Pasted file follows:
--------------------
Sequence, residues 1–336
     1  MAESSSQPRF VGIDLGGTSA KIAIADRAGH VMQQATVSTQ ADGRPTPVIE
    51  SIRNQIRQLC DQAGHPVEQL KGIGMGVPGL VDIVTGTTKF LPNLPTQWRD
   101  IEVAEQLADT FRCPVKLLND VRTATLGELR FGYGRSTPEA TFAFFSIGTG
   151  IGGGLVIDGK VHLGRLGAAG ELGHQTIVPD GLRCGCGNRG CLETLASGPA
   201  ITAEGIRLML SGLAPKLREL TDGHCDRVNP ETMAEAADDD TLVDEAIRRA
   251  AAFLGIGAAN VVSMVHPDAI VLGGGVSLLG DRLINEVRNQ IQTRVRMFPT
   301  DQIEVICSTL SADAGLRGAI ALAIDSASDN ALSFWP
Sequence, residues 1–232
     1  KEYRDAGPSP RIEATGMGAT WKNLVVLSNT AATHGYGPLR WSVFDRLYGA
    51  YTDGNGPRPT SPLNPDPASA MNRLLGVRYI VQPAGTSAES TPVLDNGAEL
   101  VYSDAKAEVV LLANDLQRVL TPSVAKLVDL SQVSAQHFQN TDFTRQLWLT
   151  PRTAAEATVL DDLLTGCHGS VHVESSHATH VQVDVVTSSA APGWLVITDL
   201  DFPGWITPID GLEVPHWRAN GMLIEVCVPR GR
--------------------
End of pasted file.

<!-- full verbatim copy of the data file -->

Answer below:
Sequence, residues 1–336
     1  MAESSSQPRF VGIDLGGTSA KIAIADRAGH VMQQATVSTQ ADGRPTPVIE
    51  SIRNQIRQLC DQAGHPVEQL KGIGMGVPGL VDIVTGTTKF LPNLPTQWRD
   101  IEVAEQLADT FRCPVKLLND VRTATLGELR FGYGRSTPEA TFAFFSIGTG
   151  IGGGLVIDGK VHLGRLGAAG ELGHQTIVPD GLRCGCGNRG CLETLASGPA
   201  ITAEGIRLML SGLAPKLREL TDGHCDRVNP ETMAEAADDD TLVDEAIRRA
   251  AAFLGIGAAN VVSMVHPDAI VLGGGVSLLG DRLINEVRNQ IQTRVRMFPT
   301  DQIEVICSTL SADAGLRGAI ALAIDSASDN ALSFWP
Sequence, residues 1–232
     1  KEYRDAGPSP RIEATGMGAT WKNLVVLSNT AATHGYGPLR WSVFDRLYGA
    51  YTDGNGPRPT SPLNPDPASA MNRLLGVRYI VQPAGTSAES TPVLDNGAEL
   101  VYSDAKAEVV LLANDLQRVL TPSVAKLVDL SQVSAQHFQN TDFTRQLWLT
   151  PRTAAEATVL DDLLTGCHGS VHVESSHATH VQVDVVTSSA APGWLVITDL
   201  DFPGWITPID GLEVPHWRAN GMLIEVCVPR GR